There is nothing quite like a good story

Dennison Story Tellers

The only thing better than reading a good story is writing a good story



Lydia waved to her family as she rode off wearing her sun dress and holding her faithful guardian at her side.  Mrs. Bennet waved back, a tear fell helplessly to the ground.  Elizabeth stood at the window in the old rambling house in front of the pie cabinet; waiting for the moment that her sister would leave her forever, never to return.


Dust arose as the carriage tore across the water stricken ground; her white dress fluttered violently.  The shameless wind blew the dirt through the open carriage windows creating a galaxy of confusion.  A falcon could spy a dust cloud sailing across the land; he may think that it having two heads which looked a bit like those of stallions, and only a diminishing tail, that it was from another land; far, far away.  Or maybe it was only the hot air of the Heterfordshire evening that confused such a bird.  But the farmer’s boy, Collins, could make out a royal carriage making its way across the land with great speed, past the tall deadly cliffs, as fast as a rock falling from the place some call heaven.,  The driver of the carriage challenges any animal to obstruct their path as it has no chance of escaping the fierce wheels and the eight mighty hooves of the gallant stallions.

“*Mi Corazón, the evening sun sheds truthful light on us; for there is promise that we will live a fruitful life which brings us peace and happiness.” speaks Lydia.


Lydia and her husband, both having great monetary wealth, are well known in Heterfordshire.  Lydia, 16, is the heiress of her family’s fortune.  Her husband, 22, is the heir of the Chéz diamond which shows at the National Museum of the Arts in France.


Suddenly, the driver yanks the reins and the mighty wheels come to a slow stop.  The stallions breathe violently with increasing fear.  The air clears of dirt.  Mísoúr Jaqué, the carriage driver now lay on the ground beating his last beats.  The horses move nervously.  The locked carriage doors are ripped open, destroying the elegant décor and wood.  Eight armed *bandidos on horses appear in the last rays of light.  At gun point, Lydia and her guardian; just married, are taken hostage.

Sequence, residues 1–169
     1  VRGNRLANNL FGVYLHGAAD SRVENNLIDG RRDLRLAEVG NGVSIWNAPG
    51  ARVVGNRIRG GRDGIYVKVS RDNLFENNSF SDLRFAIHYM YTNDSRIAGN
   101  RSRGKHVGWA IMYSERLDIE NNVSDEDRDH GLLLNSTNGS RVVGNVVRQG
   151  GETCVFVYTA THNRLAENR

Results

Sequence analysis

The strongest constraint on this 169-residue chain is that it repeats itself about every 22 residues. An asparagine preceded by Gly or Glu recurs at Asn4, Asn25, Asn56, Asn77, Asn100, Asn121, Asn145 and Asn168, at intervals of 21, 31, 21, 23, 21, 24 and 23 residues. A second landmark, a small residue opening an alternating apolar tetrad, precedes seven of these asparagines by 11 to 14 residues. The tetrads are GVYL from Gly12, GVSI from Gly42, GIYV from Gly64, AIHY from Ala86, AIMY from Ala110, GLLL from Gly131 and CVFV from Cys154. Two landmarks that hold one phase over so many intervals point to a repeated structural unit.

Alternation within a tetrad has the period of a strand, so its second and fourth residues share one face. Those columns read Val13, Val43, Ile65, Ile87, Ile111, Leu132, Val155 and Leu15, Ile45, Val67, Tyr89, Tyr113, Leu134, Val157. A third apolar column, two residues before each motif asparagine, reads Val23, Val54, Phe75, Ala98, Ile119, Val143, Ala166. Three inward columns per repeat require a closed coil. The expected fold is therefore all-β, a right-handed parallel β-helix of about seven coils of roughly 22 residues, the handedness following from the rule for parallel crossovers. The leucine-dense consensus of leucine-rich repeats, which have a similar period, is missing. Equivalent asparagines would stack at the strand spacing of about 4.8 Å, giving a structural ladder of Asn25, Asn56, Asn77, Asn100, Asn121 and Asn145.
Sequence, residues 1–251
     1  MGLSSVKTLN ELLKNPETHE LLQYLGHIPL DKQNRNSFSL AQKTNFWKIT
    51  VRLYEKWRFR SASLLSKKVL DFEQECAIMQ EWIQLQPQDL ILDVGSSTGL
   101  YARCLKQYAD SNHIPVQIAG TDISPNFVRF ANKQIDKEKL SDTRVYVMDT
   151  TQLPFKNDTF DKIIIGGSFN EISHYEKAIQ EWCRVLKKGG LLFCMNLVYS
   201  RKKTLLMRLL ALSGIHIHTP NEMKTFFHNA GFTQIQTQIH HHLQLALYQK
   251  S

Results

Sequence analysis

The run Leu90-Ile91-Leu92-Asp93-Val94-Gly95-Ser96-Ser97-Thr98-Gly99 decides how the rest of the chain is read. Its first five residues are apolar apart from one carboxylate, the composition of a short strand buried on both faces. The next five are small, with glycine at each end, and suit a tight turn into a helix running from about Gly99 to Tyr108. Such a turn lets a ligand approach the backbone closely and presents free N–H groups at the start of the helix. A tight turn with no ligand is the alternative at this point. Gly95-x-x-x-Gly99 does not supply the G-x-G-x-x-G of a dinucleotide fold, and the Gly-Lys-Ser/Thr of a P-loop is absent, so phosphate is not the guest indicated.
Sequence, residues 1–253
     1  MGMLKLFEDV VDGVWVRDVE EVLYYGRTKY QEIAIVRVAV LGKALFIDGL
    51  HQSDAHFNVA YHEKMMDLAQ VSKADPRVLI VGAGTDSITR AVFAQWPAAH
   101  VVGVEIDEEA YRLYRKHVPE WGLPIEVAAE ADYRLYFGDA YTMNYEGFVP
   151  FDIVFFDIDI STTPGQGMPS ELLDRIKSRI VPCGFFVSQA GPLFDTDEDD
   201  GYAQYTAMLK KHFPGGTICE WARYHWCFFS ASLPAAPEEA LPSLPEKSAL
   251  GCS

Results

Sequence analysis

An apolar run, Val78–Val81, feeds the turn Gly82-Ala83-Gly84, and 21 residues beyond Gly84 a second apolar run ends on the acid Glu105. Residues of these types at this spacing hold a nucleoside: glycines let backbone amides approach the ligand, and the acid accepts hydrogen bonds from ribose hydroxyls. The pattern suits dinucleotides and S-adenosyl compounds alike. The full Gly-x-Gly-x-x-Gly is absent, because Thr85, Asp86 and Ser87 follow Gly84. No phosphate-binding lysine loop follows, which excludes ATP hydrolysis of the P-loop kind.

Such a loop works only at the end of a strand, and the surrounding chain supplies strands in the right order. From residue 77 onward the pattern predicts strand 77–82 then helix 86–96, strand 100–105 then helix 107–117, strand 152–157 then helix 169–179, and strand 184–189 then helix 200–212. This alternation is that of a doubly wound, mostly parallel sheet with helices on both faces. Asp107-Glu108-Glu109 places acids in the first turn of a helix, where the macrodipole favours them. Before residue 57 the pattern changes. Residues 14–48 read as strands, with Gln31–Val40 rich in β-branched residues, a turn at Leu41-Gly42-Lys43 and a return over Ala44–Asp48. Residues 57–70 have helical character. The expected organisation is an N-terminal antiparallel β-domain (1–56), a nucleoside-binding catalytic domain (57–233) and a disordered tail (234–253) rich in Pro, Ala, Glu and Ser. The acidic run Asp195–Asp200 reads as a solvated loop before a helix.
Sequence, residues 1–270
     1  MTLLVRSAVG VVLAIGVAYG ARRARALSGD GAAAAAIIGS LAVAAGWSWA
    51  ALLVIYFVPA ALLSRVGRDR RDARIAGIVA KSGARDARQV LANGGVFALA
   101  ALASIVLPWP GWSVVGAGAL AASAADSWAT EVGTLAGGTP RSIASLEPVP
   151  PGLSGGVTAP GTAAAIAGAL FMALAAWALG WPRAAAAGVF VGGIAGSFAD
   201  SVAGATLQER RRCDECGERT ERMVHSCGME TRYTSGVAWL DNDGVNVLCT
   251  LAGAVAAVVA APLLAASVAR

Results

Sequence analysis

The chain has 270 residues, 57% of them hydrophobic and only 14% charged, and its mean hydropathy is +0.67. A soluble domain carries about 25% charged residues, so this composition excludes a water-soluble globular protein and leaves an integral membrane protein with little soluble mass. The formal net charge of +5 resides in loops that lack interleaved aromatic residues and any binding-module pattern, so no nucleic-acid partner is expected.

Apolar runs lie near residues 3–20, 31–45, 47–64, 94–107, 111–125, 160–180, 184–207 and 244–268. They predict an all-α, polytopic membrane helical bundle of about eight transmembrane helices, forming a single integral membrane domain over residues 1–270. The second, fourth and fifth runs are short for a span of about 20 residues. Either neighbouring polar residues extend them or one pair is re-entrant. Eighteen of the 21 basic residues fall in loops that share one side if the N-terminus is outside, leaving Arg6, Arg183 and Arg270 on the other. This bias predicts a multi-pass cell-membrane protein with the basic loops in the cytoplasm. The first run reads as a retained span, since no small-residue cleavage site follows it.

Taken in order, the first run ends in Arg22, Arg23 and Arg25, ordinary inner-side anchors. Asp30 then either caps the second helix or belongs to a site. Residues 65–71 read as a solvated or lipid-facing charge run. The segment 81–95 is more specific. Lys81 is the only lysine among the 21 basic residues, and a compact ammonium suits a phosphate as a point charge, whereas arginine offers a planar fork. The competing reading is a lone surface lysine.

Three nights later, they arrive to Stachóm, one of the many French shipping ports operated by Diablo.  A mean and ruthless man who grew up in the allies of Iran, he takes the respect of all his workers.  The inexperienced and poor have little work here in Stachóm, so when the money gets tight and the options are slim, working for Diablo is an easy choice.


She and her husband’s life are now at the moral end.  A ship armed with cannons on all three decks await them as they're hauled in a cage, used for animals, by grimy men up to the black deck; once cut and laid by refugees of a prison camp.  “Hold ‘em in a powder hold!” orders the captain.  The cage is opened; Lydia is torn from her husband’s mighty grasp and taken to a powder hold.  Her companion is tied to the mast.  Darkness covers Lydia in the hold as iron bars complete the lock.  They all await the worst.  “Hello” squeaks a voice.  “Who may you be?” replies Lydia, with greatest concern.  “I am the prisoner of last” he replies.  “I was caught here because I thought I might take a slice of bread for my family.  This is the end you know, the end of anyone’s happiness.  We are all destined to work with little food, maybe the plan.  Diablo is ruthless, the worst man of all!  We can prohibit ourselves and the crew a cruel life, as we are in the powder hold and a great powder hold it is!”


“I shall speak the truth,” Says Lydia.  “Sadly, I know not of what to do; therefore, I will take to trusting you.  I have heard little of this man you speak of, thus our trust is in you for the better of me, my husband and the crew.”


The horizon was red as blood that night, the setting sun could make such a romantic theme, but many barrels of gun powder and a spark, set the waters around the ship the same color as the sky.



The End



* Mi Corazón is the Spanish word for my heart.

* Bandidos is the Spanish word for bandits





English Eleven

Monday, April 20, 2009